I was reading the book of another trainer the other day, and something he said really struck me. He said that he always tells a student the truth about their horse… that if that horse is ugly or misshapen, he is direct and offers them some reality. It was his intent, he said, to not give false illusions to the human, but rather to have them see the truth. This all sat uncomfortably with me, because while I respect this trainer very much, I couldn’t imagine how any horse lover could see ugliness in any equine!
Every horse I meet, I fall in love with. I see them all as God’s beautiful creatures, even the skinny ones, the sad ones, the sick ones. My love and embrace extends to miniatures, ponies and donkeys. They are all splendid!
When you look into a horse’s eye, you see something that is beyond us. There is a gentleness, an awareness, a knowing, something that stirs our spirit. While I don’t advise anyone to go staring at a horse, which can cause the horse to feel uncomfortable (it’s a human predator thing) there are moments where we get a glimpse of that inner spirit and deep emotion that is within those eyes. I get goose bumps thinking about it!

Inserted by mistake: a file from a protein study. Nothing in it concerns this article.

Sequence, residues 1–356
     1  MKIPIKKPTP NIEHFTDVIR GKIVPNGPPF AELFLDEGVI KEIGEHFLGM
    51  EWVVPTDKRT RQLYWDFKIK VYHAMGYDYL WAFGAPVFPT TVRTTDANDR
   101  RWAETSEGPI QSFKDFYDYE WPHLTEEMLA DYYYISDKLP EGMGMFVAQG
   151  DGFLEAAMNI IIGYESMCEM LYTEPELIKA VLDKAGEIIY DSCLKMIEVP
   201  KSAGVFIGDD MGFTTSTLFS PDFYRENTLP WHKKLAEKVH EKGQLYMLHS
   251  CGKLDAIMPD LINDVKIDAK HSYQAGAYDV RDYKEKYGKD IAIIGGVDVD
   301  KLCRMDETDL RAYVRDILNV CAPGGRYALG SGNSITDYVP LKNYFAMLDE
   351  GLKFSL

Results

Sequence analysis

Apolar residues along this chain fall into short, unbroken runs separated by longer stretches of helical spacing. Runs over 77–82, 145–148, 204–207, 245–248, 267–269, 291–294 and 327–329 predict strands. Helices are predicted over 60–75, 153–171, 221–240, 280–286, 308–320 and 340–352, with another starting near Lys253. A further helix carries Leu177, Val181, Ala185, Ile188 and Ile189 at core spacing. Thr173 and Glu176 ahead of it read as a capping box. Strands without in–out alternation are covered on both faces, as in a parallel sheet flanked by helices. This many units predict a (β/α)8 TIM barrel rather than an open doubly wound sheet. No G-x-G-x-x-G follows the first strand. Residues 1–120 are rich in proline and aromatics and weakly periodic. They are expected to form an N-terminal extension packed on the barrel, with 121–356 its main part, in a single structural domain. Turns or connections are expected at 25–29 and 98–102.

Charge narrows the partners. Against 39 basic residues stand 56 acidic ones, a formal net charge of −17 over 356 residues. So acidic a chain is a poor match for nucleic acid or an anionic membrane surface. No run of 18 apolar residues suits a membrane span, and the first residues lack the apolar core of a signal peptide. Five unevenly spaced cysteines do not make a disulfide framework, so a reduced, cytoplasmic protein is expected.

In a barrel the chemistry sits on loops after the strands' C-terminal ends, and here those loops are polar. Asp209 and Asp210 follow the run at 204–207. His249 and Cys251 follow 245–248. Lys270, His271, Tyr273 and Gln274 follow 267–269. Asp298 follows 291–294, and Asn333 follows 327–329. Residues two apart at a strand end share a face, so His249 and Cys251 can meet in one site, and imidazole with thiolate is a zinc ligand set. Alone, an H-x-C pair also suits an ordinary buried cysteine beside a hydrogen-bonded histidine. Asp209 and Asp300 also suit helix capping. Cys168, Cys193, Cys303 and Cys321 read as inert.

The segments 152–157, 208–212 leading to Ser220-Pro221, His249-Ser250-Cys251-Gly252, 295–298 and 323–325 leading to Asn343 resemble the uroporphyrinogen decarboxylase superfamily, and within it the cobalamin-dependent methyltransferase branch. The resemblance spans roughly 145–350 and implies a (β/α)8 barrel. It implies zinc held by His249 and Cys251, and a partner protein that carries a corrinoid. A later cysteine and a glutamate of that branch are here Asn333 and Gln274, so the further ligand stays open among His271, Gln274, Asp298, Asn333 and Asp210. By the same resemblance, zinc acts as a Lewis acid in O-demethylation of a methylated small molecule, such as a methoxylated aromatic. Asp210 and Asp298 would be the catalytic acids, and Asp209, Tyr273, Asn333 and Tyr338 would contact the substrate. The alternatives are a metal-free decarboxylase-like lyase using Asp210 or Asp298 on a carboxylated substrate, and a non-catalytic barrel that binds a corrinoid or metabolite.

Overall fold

When I ask someone to tell me about their horse, what I am really asking is, What’s your horse’s Character? Most people I ask give me the horse’s height first, then his colour, then his markings. They then launch into his breeding, his previous owner, and what they’ve been able to ‘do’ with him. While this is interesting and I do often request this information from students, it still doesn’t tell me anything about the horse herself.
In my Horse Psychology and Behaviour Workshops, students are asked to discover their horse’s Personal Character. They learn how to avoid anthropomorphising. Who is our horse, really? Are they a reflection of our goals and ego? As a sentient being, do they deserve more from us in the way of respect and understanding? I think yes.
A true horse lover has an unconditional love for our equine friends … it crosses breeds, types, colours, shapes and sizes. And that’s the Truth.